Bases loaded -portrait of Sandy Alomar

During the birthday celebration of Jose Mesa's son, Sandy showed me a baseball card. It had his picture on it showing his new mask. For those of you who are not into baseball, All-star Sandy Alomar, older brother of All-star Roberto Alomar, is one of the greatest catchers in baseball history. Along with his buddy -star closing-pitcher Jose Mesa, Sandy played for the Cleveland Indians and helped put the team back on the map.

I had decorated Carlos Baerga's house and done some of the paintings. During the months I worked there I also got to know most of the Latino players. I think at the time they made up half of the team. Back then Omar Vizquel was the young kid on the club. All the other guys kid him around and called him: -"El nene lindo" (the pretty boy). They were a "Latin" bunch of characters and I could write a book of their antics.

Sandy wanted a painting of him and Robbie as a gift for their mother. But at the time Robbie played for another team and was out of Cleveland. So Sandy asked me if I could make a painting of him and his new mask to place it in his living room. So I took the baseball card, took some pictures and wrote a few observations -noting his skin tone, eye colour, and so on.

Six weeks later I delivered his oil painting done on a 48 inches wide canvas. The fact that it was an extreme close-up of him made it look even larger. Sandy loved it. In the painting I chose to emphasize the moment of fear in a catcher's life when the bases are loaded and the next action can win or loose a game.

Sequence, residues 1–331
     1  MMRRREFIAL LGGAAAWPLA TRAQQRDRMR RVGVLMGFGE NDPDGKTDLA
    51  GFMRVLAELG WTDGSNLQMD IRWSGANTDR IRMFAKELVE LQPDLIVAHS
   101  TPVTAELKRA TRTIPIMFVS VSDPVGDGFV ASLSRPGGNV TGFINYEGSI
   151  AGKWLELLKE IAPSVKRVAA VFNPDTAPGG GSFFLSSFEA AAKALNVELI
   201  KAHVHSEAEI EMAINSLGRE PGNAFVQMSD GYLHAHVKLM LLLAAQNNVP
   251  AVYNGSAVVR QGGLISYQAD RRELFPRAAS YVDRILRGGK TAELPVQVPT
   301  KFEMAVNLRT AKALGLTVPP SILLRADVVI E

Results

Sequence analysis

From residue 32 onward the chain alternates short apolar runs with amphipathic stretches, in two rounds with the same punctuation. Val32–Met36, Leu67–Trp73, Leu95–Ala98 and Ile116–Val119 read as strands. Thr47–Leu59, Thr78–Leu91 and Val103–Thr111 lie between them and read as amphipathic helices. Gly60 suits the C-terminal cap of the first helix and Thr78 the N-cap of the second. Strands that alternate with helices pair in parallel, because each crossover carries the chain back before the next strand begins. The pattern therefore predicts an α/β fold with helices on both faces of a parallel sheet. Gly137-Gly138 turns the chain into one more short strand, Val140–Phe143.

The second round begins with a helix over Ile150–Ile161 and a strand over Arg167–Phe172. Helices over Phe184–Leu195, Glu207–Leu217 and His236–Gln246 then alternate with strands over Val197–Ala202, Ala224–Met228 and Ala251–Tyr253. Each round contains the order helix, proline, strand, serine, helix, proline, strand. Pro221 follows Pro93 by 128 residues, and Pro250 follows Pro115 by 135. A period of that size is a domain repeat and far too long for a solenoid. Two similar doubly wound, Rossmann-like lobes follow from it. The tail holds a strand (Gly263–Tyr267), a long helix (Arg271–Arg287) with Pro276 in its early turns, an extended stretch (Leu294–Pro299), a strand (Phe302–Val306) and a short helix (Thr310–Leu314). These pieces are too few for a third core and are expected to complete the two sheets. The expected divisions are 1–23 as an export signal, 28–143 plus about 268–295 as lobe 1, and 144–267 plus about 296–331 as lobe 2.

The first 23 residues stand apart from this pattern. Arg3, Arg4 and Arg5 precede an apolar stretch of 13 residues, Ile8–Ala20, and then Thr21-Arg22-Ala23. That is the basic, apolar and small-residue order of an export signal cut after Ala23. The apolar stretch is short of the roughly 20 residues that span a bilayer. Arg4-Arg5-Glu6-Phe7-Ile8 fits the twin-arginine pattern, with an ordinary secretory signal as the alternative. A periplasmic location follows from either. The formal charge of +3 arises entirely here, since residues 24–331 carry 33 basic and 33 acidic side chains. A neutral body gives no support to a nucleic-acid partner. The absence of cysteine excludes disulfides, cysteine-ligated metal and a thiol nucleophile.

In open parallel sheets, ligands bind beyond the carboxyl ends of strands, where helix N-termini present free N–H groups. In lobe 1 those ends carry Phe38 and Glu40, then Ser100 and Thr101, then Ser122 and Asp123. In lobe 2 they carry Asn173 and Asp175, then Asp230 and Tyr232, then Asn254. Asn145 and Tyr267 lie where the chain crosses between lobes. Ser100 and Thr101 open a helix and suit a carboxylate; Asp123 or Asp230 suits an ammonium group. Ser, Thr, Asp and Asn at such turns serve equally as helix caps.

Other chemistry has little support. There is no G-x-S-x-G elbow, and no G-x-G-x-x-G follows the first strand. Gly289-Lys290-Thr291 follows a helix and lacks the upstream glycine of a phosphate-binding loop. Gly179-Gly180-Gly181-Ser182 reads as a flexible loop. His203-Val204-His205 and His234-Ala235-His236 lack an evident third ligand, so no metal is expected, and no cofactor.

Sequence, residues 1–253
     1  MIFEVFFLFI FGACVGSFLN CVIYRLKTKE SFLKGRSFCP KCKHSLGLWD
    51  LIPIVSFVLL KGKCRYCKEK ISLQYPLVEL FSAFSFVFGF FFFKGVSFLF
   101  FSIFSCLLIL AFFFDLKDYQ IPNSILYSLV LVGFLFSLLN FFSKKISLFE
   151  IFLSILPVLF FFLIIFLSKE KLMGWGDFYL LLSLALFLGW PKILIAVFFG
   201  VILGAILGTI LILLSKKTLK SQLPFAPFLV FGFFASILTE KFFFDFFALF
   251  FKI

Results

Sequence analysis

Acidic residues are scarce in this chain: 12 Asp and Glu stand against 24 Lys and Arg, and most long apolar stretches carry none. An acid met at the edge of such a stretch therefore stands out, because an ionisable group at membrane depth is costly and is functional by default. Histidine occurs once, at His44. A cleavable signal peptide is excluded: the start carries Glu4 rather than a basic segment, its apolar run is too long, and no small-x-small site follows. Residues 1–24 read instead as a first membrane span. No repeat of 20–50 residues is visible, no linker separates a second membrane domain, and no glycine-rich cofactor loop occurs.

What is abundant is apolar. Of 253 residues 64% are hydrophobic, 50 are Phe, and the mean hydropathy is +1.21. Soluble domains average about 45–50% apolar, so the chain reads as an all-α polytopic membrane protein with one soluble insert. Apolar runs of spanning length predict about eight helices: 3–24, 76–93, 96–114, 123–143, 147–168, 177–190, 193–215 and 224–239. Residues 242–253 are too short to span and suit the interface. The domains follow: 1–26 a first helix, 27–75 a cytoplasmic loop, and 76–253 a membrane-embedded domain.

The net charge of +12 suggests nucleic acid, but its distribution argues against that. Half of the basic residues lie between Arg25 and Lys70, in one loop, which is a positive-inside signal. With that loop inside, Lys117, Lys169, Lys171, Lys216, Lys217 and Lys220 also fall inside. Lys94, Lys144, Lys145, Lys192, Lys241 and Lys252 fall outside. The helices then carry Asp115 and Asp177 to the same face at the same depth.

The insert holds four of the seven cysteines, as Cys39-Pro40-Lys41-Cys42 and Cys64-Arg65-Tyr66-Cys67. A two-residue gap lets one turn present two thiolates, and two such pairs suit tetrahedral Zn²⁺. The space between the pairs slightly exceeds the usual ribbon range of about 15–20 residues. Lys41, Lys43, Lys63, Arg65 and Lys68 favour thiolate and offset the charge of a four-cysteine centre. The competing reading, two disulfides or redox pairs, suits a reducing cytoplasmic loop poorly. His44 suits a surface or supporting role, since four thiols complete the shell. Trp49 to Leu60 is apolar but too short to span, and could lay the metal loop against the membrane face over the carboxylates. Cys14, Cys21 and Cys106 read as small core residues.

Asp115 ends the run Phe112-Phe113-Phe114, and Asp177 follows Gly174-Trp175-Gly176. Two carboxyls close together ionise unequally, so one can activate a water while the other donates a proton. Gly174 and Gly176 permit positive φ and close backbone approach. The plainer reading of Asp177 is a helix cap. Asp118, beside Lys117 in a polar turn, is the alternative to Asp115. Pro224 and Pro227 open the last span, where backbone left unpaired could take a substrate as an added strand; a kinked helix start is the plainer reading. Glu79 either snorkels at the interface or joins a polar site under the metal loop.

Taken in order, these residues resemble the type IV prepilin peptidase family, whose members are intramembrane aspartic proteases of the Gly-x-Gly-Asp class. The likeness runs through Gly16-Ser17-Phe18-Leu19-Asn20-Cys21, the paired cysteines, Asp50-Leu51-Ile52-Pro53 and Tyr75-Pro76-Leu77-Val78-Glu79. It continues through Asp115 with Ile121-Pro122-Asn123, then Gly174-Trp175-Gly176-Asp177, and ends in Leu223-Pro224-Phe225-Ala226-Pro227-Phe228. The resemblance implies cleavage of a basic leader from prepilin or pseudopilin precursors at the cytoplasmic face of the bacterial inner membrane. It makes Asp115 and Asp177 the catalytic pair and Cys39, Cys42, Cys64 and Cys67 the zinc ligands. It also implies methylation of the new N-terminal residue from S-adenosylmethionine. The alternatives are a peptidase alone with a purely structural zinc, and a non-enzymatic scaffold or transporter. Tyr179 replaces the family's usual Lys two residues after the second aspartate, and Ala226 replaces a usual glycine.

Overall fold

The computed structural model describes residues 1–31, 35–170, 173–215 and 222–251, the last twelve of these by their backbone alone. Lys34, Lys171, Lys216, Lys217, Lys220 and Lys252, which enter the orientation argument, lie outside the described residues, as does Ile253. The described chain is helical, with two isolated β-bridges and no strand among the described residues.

His expression is tense but focussed, his eyes bloodshot but alert, his brow covered with perspiration... but darn it -doesn't his new mask look good! While painting I kept thinking of a Roman warrior starring at the enemy through the eye slits of his enclosing helm right before the moment of battle. It was hard not to get excited. Being a history buff, and avid fencer, and sucker for any sword movies, it does not take much to set off my imagination.

During an Indians game at Jacob's Field, Kristy Alomar -Sandy's wife, came to sit by me and told me how Sandy used to get up in the middle of the night and sit alone on the sofa staring at his painting. An artist can not get a better compliment than that. By the comments I received over the years, Sandy is not the only one captivated by it.

To some viewers it has come to represent something other than baseball, perhaps something primal in all of us; something that is universal. Who knows. But I think that something could be that fine line between foreboding and exhilaration, which we all have experienced, when in an instance one's life can change forever in the game of destiny.


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